• showkat hossain
    Monday, August 6, 2012 07:05 AM GMT+06:00 (116 weeks ago)

    We need less talk more work. We are Bangladeshi not BNP or AL.

  • Reza Chowdhury
    Monday, August 6, 2012 10:52 AM GMT+06:00 (116 weeks ago)

    Better late than never. We expect her to apologise for her sons' mideeds too.

  • asad bulbul
    Monday, August 6, 2012 08:06 AM GMT+06:00 (116 weeks ago)

    If a law is made that opposition leader would be interim govt head and the incumbent prime minister would be the head of small cabinet just for containing the daily activities and they have no authority to say something to the election commission. Election commission will run and declare the election result as per law made by parliament.

  • Mohammad Nurul Hoque(Alam), Malaysia
    Monday, August 6, 2012 08:10 AM GMT+06:00 (116 weeks ago)

    She admits now when every bad thing happened already.

  • Abdul Aziz Mir
    Monday, August 6, 2012 12:39 PM GMT+06:00 (116 weeks ago)

    Our political leaders should acknowledge their mistake not privately but in public. At least Khaleda Zia revealed her some short of enthusiasm towards the voters. Other political leaders should follow her manner.

  • khayrul Islam
    Monday, August 6, 2012 01:02 AM GMT+06:00 (116 weeks ago)

    It really sounds good that our politicians can sometimes reflect their own deeds or misdeeds.

  • Translucent
    Monday, August 6, 2012 01:07 AM GMT+06:00 (116 weeks ago)

    Hindsight is a wonderful thing! Does she want to use the same tool to look back at all the negatives and weaknesses of her previous govt?

  • Shabbir A. Bashar
    Monday, August 6, 2012 01:43 AM GMT+06:00 (116 weeks ago)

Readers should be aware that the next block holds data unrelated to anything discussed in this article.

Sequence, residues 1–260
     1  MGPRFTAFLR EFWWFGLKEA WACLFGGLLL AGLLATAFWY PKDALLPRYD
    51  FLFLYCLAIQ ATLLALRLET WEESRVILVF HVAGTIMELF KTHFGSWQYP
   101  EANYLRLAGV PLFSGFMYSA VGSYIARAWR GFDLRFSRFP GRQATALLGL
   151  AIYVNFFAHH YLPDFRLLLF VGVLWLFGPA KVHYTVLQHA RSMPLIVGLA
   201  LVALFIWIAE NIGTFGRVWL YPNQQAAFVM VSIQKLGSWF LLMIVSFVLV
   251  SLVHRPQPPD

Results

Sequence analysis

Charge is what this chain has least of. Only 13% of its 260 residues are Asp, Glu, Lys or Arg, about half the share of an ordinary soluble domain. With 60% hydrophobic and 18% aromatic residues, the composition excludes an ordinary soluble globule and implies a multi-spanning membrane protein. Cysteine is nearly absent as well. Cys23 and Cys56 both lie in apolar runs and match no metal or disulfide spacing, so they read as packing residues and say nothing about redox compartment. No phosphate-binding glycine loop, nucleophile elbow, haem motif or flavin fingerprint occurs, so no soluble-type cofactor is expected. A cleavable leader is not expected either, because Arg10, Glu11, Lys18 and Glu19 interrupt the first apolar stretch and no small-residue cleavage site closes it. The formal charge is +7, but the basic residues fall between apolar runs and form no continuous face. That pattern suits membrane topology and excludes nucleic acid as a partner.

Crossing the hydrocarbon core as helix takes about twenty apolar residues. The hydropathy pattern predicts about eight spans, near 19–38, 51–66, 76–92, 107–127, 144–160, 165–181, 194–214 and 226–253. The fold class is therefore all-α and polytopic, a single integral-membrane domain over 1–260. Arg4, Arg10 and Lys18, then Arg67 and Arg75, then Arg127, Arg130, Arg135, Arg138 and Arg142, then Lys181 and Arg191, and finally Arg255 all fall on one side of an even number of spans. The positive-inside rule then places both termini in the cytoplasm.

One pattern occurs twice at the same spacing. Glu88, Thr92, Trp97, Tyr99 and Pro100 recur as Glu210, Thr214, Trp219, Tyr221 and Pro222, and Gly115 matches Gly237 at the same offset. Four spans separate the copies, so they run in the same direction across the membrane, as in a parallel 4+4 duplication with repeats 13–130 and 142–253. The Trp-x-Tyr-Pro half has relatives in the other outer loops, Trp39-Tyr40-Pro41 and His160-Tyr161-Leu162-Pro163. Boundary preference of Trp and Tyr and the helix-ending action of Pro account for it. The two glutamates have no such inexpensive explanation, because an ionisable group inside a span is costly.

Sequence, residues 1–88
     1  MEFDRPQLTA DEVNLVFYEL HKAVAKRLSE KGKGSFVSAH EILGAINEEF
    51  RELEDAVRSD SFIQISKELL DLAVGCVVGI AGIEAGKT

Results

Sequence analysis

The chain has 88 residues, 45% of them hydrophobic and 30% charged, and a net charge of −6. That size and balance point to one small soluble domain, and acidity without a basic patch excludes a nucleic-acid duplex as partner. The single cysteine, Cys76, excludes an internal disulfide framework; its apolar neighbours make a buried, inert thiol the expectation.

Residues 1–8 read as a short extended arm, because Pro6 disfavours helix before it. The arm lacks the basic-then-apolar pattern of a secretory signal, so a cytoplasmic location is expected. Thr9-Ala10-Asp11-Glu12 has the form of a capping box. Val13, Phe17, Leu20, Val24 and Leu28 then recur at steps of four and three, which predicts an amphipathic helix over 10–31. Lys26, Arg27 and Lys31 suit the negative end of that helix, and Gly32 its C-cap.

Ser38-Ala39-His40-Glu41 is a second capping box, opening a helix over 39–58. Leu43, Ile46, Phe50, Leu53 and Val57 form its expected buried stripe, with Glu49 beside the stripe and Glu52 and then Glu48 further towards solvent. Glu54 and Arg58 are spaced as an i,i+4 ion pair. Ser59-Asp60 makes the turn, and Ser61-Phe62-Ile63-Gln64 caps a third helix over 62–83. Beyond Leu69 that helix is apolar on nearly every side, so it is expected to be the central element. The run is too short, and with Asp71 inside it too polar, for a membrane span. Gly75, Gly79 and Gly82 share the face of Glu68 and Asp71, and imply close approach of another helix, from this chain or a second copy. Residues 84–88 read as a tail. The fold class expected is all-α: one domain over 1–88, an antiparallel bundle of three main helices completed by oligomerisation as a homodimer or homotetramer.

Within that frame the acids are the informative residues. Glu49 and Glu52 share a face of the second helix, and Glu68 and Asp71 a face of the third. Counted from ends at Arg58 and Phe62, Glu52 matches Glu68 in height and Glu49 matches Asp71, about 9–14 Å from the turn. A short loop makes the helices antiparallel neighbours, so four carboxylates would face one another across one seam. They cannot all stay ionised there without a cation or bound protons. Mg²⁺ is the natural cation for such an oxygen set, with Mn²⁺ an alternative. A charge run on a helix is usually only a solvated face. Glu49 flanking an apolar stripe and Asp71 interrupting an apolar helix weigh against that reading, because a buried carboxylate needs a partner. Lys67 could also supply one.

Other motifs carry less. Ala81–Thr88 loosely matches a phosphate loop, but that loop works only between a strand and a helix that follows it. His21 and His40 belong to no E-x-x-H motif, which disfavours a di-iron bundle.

Khaleda's mistakes started with removing President Boddrudozza and escalated with letting her sons run wild, letting one of them form an alternative cabinet ... list goes on. The only losers are the people of Bangladesh who can't seem to choose outside the two dynastic despotic dictatorships.

  • Wahid
    Monday, August 6, 2012 01:43 AM GMT+06:00 (116 weeks ago)

    It's all politics. She does not want the current President to be interim govt chief and trying to build a ground for that.

  • upfront
    Monday, August 6, 2012 02:29 AM GMT+06:00 (116 weeks ago)

    The PR work is well done by the media to make the leader of their choice clean and accountable though millions of questions remain unanswered about her faith in democracy and own leadership when she can not accept the idea of small size quality interim government power shared by the government and the opposition and oversee the election .

    The most worrying part is her total silence about her system of election government which is called non-political non partisan people running the same.

    This is just a dream in Bangladesh and not a good dream but very bad dream which would never come true but good enough to kill democracy.. Those guys are not in existence in Bangladesh. The politicians have killed them through their process of politicization from teacher to vendors and beggars too.

  • Sharif Mohammed
    Monday, August 6, 2012 02:54 AM GMT+06:00 (116 weeks ago)

    I personally know about Justice Mahmudul Amin Chowdhury,in no way he is an AL sympathizer, he is a man of principle.Madam, please be careful of persons who have given you a wrong advise,they may again do the same.As far as Justice Latifur Rahman,it was AL who were propagating that he was a AL supporter, even they said he was once a member of that party.Similarly Justice Shahbuddin is a highly respected and neutral person.

  • mms
    Monday, August 6, 2012 04:22 AM GMT+06:00 (116 weeks ago)

    It's good to see that some sort of self analysis is taking place in BNP high command. But that's hardly enough after 6 years. They need to come out as an open 'apology' to people of BD (instead of a closed door admission) who have suffered because of those 'bad decisions'. More importantly, if they are really sincere about the so called 'admission of mistake' then they should inform the public of 'concrete steps' they plan to take in order to improve their 'leadership behaviour' in the future followed by action.

    I also ardently hope that the current Govt. instead of waiting to be in the opposition to 'admit mistakes' should create an example of accepting them while in power and demonstrate corrective behaviours.

    Unfortunately, people have very little faith left on the top politicians of our country.